Cheaper souvenir stalls and knick-knack counters are located mainly in the side streets running perpendicular from Jalan Legian to Legian Beach to the west.

Down Jalan Melasti east of Jalan Legian, you'll find the Kuta Art Market (Google Maps) near the beach selling inexpensive artsy tchotchkes.

Jalan Sahadewa (Garlic Lane, Google Maps) runs north from the Art Market, connecting Jalan Melasti and Jalan Padma – it’s yet another hotspot for bargain hunters.

The side streets full of shops stretch north through Jalan Padma Utara, Jalan Werkudara to Jalan Arjuna (commonly known as Jalan Double Six). The latter two lanes are particularly well-known for their fabrics and clothes stores, where you can sample local batiks and other textiles.

Jalan Padma (Google Maps) at the northern end of Garlic Lane is chock-a-block with stores selling cheap bangles, trinkets, and shell products.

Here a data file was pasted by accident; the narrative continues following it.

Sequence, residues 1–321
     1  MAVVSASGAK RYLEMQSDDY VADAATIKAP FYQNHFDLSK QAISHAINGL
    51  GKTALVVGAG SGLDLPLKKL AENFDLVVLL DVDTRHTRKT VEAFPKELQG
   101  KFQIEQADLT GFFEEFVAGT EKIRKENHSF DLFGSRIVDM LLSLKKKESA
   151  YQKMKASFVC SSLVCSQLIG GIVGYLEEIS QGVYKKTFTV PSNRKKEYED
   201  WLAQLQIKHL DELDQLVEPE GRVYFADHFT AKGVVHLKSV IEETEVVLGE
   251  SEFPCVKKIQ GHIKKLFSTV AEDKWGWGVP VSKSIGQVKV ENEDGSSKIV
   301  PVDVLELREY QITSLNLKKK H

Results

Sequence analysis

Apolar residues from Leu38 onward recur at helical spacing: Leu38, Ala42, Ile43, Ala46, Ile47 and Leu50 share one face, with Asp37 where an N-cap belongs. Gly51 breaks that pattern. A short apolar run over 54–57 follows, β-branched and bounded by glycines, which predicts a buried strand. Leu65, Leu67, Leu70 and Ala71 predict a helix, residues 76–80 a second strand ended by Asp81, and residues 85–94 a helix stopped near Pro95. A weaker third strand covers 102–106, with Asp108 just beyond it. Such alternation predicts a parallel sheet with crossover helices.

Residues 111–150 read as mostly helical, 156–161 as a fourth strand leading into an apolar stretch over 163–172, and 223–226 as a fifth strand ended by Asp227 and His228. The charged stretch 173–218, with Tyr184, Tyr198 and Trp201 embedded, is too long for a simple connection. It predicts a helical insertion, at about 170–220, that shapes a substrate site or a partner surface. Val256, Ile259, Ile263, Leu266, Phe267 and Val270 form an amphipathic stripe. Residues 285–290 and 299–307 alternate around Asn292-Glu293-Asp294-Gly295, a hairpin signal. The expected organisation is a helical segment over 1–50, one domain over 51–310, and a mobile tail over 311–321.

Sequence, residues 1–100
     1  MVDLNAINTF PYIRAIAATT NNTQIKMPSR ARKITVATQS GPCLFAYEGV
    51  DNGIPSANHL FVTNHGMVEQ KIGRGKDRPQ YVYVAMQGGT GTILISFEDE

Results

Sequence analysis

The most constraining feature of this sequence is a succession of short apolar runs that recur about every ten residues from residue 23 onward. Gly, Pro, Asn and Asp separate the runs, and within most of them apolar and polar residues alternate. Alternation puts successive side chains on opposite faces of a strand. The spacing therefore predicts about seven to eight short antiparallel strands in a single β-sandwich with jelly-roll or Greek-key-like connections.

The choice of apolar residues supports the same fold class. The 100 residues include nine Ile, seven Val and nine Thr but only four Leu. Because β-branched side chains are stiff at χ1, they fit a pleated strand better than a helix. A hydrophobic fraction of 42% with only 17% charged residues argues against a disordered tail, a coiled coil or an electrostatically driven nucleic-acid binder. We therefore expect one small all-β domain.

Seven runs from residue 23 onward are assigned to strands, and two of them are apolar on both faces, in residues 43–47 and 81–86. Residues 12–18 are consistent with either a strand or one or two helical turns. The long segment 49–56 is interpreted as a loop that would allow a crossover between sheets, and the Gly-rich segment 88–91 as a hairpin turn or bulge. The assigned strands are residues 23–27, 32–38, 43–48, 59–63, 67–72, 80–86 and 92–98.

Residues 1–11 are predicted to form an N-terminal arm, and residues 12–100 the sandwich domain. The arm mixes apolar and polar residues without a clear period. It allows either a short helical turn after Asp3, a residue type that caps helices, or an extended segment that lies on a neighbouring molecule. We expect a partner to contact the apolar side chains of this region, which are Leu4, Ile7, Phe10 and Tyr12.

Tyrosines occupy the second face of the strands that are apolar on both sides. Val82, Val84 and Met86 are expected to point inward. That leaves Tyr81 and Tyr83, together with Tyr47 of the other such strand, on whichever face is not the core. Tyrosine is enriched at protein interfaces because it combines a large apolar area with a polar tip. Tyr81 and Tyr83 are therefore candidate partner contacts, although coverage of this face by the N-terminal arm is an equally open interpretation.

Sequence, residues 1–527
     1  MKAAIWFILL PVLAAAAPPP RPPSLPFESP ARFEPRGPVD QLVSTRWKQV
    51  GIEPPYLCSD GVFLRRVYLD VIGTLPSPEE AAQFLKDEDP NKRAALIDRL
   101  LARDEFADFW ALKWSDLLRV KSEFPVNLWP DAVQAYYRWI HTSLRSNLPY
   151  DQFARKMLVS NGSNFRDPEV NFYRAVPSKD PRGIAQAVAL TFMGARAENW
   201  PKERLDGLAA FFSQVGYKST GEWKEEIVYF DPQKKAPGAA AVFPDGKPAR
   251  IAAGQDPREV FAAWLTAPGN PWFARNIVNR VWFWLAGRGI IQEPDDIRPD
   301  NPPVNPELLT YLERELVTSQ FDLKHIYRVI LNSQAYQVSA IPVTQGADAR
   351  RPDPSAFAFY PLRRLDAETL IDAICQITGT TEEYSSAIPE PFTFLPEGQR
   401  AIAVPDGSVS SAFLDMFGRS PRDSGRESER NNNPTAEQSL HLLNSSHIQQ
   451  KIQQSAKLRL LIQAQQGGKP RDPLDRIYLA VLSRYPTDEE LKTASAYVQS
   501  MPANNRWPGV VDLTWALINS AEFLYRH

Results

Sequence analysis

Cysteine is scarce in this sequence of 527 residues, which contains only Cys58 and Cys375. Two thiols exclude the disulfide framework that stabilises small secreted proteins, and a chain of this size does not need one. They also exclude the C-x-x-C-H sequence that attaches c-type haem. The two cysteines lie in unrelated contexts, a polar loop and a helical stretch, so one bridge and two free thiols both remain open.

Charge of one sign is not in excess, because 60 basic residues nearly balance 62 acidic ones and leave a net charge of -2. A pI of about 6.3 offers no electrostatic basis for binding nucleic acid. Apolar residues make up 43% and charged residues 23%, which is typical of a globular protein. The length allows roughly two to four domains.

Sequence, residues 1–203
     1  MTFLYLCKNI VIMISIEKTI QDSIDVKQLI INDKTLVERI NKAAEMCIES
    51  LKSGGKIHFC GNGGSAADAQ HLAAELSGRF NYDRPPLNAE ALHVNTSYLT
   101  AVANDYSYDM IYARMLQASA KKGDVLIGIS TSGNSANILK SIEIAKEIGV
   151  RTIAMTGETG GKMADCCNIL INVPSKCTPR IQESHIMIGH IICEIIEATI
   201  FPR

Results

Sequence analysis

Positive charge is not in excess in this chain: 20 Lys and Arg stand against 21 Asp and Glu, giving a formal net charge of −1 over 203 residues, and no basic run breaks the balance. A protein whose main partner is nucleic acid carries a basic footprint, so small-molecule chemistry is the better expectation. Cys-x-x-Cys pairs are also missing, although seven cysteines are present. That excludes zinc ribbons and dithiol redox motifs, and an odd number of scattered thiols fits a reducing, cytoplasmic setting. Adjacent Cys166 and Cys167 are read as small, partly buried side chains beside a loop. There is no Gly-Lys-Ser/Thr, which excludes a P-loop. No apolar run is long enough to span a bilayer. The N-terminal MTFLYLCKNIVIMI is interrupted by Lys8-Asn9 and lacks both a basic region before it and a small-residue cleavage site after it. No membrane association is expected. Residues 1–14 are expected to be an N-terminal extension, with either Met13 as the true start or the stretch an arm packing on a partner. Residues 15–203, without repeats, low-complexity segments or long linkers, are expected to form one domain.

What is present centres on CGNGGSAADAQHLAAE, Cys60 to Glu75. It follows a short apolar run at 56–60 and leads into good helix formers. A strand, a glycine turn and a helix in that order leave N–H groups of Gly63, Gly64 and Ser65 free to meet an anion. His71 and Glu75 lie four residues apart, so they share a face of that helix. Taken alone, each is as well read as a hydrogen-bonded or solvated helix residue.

Shopping in Denpasar

The capital of Bali doesn’t get as much tourist traffic as Kuta and Legian – after all, this is where the ordinary Balinese live, as opposed to the tourist districts of Legian, Kuta and Seminyak.

But that’s no reason to cross Denpasar off your shopping list: its two traditional markets are located right next to each other, separated only by the Badung River.

Pasar Kumbasari (Google Maps) is a sprawling traditional market stacked three floors up. If you’re in the market for cheap arts and crafts, go up to the third floor of the market and get your bargaining game on. There’s even a shop that sells costumes for traditional Balinese dances. (Source)